Boat Docks Matter (in lake home values)

It’s somewhat surprising how many million-dollar lake homes have deteriorating or unsafe old docks!
The boat dock is one of the most often-overlooked amenities of a lake home’s value. And while the quality of the dock might not sell the house, it is quite often the tie-breaker between two homes of similar value.

The higher the value of the home, the more important it is for proper dock maintenance.

Dock Flotation

Lake Lanier is a U.S. Army Corps of Engineers lake – so Lake Lanier boat docks must meet the guidelines they have set. The dock floats under your boat dock must be encapsulated – not just naked Styrofoam. The Corp evaluates your dock when ownership is transferred. If the boat dock has the old dock flotation, the buyer will be required to install the encapsulated type of dock flotation before the permit will be transferred. If an inspection is performed for your renewal, the same rules apply.

Replacing the dock flotation is fairly expensive. However, it will be required eventually if you wish to keep/renew your dock permit. A good real estate agent is aware of the associated cost, and will deduct this (and probably more) from their offers.

There are several companies that will perform this type of work, but its best to find a reputable, experienced dock construction company such as Marine Specialties, that knows, and understands, the Corps’ rules. Some will simply push the old flotation out into the cover and let it float away. While others will haul it to an island for disposal. Either creates an eyesore, and groups like Lake Lanier Association will be required to arrange cleanup days to remove the debris.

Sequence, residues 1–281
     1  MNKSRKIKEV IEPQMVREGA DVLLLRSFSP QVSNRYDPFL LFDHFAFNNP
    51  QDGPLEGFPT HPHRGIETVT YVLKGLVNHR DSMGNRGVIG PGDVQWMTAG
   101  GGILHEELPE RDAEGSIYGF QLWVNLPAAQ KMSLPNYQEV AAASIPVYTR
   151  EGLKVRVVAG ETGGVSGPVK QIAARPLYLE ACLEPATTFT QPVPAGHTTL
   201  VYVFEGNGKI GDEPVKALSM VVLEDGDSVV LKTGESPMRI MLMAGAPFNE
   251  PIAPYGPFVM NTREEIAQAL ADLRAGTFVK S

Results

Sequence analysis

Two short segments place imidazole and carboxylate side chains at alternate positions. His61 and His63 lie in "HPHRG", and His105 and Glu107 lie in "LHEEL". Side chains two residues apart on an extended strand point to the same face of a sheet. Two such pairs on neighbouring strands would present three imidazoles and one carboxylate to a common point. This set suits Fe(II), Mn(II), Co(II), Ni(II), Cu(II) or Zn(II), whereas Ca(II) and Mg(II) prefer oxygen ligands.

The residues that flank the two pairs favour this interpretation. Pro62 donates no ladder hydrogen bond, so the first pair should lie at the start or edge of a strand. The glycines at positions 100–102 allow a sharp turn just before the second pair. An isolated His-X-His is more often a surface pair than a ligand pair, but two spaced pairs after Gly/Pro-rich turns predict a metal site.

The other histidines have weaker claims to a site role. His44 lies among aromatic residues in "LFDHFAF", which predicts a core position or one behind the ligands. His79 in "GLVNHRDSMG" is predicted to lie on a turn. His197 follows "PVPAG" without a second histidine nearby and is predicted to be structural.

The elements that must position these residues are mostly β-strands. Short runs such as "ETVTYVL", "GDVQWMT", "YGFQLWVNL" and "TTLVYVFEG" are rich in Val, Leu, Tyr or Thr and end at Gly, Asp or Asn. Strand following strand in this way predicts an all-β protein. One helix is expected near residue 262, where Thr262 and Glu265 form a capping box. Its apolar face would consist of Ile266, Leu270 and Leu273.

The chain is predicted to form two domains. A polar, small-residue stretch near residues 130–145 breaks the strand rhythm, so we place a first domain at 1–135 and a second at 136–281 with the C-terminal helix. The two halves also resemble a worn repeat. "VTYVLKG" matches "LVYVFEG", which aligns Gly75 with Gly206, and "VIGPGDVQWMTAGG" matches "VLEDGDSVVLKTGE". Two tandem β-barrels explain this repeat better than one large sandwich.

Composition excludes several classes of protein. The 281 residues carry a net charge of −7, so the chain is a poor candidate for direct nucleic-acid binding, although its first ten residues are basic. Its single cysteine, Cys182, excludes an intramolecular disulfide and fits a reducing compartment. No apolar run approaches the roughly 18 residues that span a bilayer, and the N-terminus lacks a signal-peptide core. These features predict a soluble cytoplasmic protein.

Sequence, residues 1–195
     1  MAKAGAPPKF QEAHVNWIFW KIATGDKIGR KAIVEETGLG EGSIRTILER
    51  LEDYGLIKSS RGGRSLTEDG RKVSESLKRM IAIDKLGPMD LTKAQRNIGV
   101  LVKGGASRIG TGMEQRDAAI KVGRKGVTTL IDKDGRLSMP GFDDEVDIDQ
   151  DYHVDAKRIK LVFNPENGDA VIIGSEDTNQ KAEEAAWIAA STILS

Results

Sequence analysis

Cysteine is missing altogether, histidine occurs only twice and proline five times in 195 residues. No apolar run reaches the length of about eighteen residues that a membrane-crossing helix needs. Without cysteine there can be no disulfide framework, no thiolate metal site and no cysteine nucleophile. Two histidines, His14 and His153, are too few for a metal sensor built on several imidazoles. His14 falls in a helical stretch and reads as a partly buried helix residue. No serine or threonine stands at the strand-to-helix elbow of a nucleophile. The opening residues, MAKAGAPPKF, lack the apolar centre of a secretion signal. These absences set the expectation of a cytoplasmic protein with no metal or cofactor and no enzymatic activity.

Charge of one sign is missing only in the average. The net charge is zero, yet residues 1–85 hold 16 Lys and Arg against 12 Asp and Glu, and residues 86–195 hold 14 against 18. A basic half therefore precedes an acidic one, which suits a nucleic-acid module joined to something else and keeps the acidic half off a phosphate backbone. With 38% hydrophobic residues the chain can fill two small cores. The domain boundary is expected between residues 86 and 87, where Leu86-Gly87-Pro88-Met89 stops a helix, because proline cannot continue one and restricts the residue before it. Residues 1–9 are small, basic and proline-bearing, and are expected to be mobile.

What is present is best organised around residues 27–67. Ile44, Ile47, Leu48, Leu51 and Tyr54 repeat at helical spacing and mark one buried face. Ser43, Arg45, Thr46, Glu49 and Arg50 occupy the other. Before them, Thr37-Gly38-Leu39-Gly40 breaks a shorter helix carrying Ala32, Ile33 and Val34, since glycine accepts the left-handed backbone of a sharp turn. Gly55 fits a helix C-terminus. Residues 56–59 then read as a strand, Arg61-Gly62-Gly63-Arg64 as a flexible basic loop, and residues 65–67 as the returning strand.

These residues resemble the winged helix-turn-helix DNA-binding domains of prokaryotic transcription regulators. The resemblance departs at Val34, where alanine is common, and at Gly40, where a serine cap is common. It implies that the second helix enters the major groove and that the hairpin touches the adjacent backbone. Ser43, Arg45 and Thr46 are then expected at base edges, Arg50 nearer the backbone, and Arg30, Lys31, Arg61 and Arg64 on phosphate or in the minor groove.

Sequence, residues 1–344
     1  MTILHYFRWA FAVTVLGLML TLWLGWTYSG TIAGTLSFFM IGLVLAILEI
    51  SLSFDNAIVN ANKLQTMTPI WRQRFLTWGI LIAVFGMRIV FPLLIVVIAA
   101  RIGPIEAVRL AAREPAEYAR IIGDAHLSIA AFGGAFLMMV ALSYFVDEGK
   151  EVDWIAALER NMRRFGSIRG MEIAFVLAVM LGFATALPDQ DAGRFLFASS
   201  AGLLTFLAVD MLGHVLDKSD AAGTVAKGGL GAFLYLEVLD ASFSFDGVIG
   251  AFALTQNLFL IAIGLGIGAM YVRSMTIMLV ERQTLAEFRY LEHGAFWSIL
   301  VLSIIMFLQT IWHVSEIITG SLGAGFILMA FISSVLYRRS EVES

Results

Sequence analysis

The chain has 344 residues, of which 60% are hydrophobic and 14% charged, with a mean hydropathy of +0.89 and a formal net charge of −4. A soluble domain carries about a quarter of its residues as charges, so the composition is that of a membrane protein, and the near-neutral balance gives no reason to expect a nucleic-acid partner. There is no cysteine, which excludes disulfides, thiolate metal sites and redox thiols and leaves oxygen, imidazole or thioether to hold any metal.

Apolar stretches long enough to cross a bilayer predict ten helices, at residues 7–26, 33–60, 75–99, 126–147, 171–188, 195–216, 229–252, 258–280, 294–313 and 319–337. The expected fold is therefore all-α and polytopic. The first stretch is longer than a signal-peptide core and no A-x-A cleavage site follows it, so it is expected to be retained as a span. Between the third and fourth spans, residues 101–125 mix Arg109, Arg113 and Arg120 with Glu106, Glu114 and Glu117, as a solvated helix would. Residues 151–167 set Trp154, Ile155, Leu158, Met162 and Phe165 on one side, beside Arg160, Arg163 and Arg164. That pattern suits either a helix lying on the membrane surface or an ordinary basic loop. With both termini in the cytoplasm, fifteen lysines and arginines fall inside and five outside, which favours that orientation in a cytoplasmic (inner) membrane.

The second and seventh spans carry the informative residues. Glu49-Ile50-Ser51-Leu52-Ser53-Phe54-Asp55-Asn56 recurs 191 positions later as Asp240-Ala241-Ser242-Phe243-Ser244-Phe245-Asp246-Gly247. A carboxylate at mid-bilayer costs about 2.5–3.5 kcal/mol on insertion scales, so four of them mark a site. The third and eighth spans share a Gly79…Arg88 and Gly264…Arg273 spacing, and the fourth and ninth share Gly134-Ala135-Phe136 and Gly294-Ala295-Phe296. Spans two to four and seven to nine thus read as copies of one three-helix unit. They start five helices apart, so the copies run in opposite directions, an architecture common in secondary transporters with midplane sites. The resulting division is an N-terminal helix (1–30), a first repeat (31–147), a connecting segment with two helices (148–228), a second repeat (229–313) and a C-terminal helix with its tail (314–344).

Instead, find a company following the Corps’ guidelines for dock flotation disposal. Remember – we all share this lake, so we should all do our best to be responsible stewards of its beauty and cleanliness.

Dock Safety

Keep your dock safe, well-maintained and in good working condition to ensure the safety and well-being of anyone who might use it. Be aware of jagged edges or loose dock boards that could become tripping hazards. Don’t let any part of the dock break off and become an obstacle for boaters and other lake users.

To ensure the dock frame remains strong and durable, control rust on all metal parts. Walking your dock will definitely be on the agenda of all potential buyers, so make sure all boards on your dock are solid and adequate for the intended purpose. Maintaining your dock is the right thing to do and you do not want the liability of someone getting injured on a faulty dock. Replace any rotting boards and be sure they are secured with screws – not nails.

Making Sure Your Dock Stays Afloat

You definitely want to keep your dock in the water as lake levels rise and fall. This is crucial as it has enormous impact on the salability of the property as a whole, and it keeps your dock flotation from deteriorating, as sometimes flotation will crack when it dries out.

If moving your dock is a physical challenge for you, there are many companies who, for a fairly reasonable fee, will make sure your dock keeps its “feet wet” by repositioning the dock as water levels change. This is called “chasing water levels.” No need to even call to get this done! For instance, once you enroll in such a service like the one we offer here at Marine Specialties, we will keep track of the lake levels and handle it for you. If you’re not sure who else you can call, ask a lake real estate agent or Google “Lake Lanier dock service“.